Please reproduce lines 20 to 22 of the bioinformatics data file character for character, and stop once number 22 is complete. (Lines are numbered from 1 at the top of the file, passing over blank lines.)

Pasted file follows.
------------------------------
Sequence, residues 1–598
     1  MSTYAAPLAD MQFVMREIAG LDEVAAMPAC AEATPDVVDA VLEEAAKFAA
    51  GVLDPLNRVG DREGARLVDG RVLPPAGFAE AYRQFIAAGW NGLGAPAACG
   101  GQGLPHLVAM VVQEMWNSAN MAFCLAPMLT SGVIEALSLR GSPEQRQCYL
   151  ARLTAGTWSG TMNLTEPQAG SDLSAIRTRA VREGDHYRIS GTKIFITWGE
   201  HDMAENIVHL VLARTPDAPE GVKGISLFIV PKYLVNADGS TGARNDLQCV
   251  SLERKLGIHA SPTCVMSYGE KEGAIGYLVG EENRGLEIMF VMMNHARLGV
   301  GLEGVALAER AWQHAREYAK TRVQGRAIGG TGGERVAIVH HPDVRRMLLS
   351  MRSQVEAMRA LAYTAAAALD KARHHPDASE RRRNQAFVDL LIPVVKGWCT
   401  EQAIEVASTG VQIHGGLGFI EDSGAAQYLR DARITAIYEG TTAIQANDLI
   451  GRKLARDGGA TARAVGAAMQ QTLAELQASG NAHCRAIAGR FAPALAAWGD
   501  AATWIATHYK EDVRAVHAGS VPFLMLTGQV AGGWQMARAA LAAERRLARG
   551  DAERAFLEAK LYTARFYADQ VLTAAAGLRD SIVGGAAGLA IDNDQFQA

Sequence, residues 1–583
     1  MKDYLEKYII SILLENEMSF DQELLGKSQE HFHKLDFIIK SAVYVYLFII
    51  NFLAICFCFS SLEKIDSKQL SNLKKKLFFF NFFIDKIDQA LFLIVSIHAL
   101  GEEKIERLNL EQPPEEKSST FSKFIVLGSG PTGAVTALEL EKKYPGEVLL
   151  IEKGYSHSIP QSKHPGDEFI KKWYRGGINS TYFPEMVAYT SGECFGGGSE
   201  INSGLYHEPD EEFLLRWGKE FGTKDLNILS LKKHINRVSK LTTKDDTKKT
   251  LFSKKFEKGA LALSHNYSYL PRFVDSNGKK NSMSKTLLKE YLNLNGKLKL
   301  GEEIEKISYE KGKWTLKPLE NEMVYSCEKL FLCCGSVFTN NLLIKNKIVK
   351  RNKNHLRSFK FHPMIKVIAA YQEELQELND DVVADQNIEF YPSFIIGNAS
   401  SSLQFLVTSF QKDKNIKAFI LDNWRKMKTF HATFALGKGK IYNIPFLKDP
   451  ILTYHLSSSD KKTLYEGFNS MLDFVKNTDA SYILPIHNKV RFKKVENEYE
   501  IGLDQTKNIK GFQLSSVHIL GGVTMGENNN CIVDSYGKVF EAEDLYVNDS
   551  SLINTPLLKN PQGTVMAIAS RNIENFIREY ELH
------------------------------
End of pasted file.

   251  LFSKKFEKGA LALSHNYSYL PRFVDSNGKK NSMSKTLLKE YLNLNGKLKL
   301  GEEIEKISYE KGKWTLKPLE NEMVYSCEKL FLCCGSVFTN NLLIKNKIVK
   351  RNKNHLRSFK FHPMIKVIAA YQEELQELND DVVADQNIEF YPSFIIGNAS